Why We Love Bromley

We love Bromley and we think that, despite its problems, it has many things worth fighting for.  Here are just a few:

History— its might not look it but Bromley has a rich and varied past.  The place is steeped in history!

Landscape—on its hilltop overlooking Shortlands Bromley has one of the most impressive settings of any London town centre.

Open Spaces—we are lucky to have a great many public parks and gardens right in the heart of the town centre— Queen’s Garden, Bromley Palace (Civic Centre) Grounds, College Green, Queen’s Mead, Martin’s Hill and more…

Buildings—a variety of buildings in central Bromley are listed because of their national importance.  These include Bromley College, London Road, the Old Town Hall, Tweedy Road, The Royal Bell, High Street and even the red telephone kiosk on College Green.

Conservation Area— most of central Bromley is designated as a conservation area.  This means that the Council recognises that it is of architectural and historic interest and is committed to preserving its character or appearance.

Shops and Leisure facilities— Bromley is a very important town centre for South London and the goods, services and leisure facilities are worth fighting for.

Communities and Facilities—Bromley is the administrative heart of the London Borough of Bromley—based at the historic Civic Centre.  We have Police and Fire Stations, places of worship and many other important community facilities. We also feel that local communities are very important  and any changes must take them fully into account.

The Civic Society recognises that Bromley has its share of problems and that plans need to be made to reinvigorate it.  We strongly believe that this should be done sensitively and cautiously to ensure that we don’t make the mistakes of the past.

Bromley must build on and conserve its strengths and not destroy them.  We do not want Bromley to become another Croydon.  The people of Bromley deserve better than that.

4 Responses to Why We Love Bromley

  1. Brian Pearson says:

    My name is Brian Pearson,I was born in Bromley but have lived in Australia for most of my 82 years.I was drawn to your website when I was looking for references to Sharpes cottages,Walters yard and The Greyhound hotel.
    When I was living in Bromley, during the war I was staying with my grandparents in Sharpes cottages when a bomb dropped into the carpark of the Greyhound hotel and no more that 50feet from where I was sleeping.It didn’t explode and was later found to have been sabotaged during assembly by French workers with”bon chance” written inside the bomb casing.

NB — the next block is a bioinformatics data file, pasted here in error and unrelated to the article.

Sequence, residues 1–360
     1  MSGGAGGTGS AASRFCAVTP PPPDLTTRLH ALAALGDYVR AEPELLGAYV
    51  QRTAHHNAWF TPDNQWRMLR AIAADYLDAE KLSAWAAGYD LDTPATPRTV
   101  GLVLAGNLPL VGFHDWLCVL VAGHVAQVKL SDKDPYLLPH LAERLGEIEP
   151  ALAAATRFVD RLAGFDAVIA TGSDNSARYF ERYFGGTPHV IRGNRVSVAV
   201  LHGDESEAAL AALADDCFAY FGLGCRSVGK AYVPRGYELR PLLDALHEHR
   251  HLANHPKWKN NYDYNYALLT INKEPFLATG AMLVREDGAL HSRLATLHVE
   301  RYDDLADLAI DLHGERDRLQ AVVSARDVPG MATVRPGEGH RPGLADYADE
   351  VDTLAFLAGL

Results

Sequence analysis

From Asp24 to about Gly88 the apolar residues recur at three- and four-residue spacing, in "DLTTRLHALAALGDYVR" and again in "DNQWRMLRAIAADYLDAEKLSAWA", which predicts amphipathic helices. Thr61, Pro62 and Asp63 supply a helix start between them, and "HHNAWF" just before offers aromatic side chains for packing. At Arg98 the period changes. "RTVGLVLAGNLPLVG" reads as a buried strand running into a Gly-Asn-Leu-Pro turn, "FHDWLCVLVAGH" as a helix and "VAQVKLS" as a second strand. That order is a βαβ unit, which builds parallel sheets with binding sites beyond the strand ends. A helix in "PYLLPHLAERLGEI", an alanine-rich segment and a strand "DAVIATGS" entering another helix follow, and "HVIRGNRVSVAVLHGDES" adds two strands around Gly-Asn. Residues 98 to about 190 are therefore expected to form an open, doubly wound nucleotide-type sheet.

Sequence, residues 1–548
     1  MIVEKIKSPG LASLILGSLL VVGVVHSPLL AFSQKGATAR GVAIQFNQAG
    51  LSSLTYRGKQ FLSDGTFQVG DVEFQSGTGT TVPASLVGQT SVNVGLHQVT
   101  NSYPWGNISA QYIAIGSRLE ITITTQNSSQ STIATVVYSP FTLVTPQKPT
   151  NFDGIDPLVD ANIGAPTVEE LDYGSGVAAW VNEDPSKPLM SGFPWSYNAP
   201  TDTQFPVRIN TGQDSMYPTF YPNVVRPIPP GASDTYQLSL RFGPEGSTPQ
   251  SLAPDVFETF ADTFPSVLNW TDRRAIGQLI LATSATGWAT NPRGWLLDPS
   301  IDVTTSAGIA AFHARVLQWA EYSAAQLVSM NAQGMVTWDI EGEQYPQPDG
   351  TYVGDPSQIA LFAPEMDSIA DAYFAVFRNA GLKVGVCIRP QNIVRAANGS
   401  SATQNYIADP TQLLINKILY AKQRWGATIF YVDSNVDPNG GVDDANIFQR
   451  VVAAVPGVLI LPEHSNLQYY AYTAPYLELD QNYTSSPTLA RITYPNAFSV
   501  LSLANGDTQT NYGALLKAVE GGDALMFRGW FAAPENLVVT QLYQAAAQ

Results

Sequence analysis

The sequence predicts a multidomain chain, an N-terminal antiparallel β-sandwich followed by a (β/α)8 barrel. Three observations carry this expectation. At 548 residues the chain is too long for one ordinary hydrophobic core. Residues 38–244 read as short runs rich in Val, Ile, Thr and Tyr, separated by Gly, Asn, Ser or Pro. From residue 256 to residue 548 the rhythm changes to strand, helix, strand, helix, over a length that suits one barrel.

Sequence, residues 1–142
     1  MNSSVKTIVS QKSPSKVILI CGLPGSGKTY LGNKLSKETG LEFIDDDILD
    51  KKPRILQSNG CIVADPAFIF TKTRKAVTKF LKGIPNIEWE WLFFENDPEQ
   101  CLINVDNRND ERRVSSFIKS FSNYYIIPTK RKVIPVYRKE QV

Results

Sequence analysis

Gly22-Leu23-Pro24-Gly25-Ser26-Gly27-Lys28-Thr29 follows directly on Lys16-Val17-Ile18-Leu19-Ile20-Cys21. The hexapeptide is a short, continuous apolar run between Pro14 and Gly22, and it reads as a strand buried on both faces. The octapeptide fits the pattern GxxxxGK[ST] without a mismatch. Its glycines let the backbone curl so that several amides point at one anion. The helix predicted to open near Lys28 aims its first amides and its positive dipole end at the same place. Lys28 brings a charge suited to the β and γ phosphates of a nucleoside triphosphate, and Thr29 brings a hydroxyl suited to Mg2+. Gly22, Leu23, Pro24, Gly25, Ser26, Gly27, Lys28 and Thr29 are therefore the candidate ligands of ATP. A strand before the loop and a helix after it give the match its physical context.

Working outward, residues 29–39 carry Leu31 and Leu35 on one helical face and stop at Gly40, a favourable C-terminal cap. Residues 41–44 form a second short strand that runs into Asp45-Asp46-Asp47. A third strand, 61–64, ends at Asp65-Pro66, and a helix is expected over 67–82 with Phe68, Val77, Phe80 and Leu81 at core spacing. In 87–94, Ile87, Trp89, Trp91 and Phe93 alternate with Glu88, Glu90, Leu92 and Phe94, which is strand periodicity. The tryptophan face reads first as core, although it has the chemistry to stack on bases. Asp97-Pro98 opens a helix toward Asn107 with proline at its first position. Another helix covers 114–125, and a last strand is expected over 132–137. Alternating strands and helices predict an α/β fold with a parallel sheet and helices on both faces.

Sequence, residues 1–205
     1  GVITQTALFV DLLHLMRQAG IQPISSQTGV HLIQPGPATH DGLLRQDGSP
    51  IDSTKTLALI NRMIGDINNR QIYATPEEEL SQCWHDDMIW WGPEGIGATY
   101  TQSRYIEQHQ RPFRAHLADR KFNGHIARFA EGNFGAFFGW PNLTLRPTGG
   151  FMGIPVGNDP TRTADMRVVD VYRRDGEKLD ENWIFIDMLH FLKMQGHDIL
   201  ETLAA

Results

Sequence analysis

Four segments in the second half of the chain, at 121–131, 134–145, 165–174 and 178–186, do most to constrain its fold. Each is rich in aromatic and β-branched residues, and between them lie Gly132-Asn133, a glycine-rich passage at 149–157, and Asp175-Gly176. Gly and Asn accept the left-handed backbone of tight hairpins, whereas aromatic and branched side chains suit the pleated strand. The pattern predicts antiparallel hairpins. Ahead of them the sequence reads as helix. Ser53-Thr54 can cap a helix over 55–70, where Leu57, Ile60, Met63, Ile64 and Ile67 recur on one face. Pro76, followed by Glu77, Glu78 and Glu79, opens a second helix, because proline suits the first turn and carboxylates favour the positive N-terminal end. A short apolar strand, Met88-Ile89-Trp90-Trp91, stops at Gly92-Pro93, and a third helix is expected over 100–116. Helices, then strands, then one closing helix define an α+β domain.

I have no verification of this story other than my memory.I was probably four years old at the time of the incident.I have been trying to confirm the details without success. I would be very pleased if you could point me in the right direction in my endeavours.
    Many thanks,
    Kind regards,
    Brian Pearson.

    • Peter Martin says:

      Dear Brian
      Thank you for your amazing wartime story which has been posted on the Bromley Civic Society website.
      As you know Bromley was very badly hit with night-time bombing during the early part of the war. It must have been a terrifying experience to be in at the area at that time.
      The Ordnance Survey map of 1933 shows that Walters Yard was a maze of small buildings and two rows of cottages known as Orchard Place. One of these rows of cottages was just behind the Greyhound pub and probably included Sharpes cottage that belonged to your grandparents.
      We have some information about bombs that fell in Bromley during the war from the Bomb Sight website. The website shows that there were 5 bombs that fell in Walters Yard in the period from 7th October 1940 to 6th June 1941. One of those fell just to the rear of the Greyhound pub – probably in the car park. Our assumption however is that these bombs actually exploded – the website doesn’t make this clear.
      If the bomb shown landing near the pub did explode the building would have been destroyed; certainly the Greyhound pub building today appears to be of post war construction.
      Perhaps this one didn’t explode..? We will keep looking and see if we can uncover more information.
      Thank you for sending us this incredible story
      Peter Martin

  2. John Bull says:

    Hi Peter Martin – We sat in on the Zoom evening last Tuesday for the virtual walk around historic Bromley. Really interesting! Many thanks for that. There were some great photos there. Interested in one in particular, taken of ‘Clarkes’ in Church Road, the printers with amazing gas lamps hanging outside. The shop closed sometime around the First WW but some of the Clarke family still live just down the road there in Glassmill Lane.

  3. Peter Martin says:

    Thank you for your comment and thank you for your information about the Clarke family. I’m glad you enjoyed the tour of Victorian Bromley. I don’t have any further information about the circumstances of the photo – it was posted on the ‘Bromley Gloss’ Facebook page. It’s important as it presents a view of the Bromley Parish Church before it was almost totally demolished in WW2 – and those amazing gas lamps!

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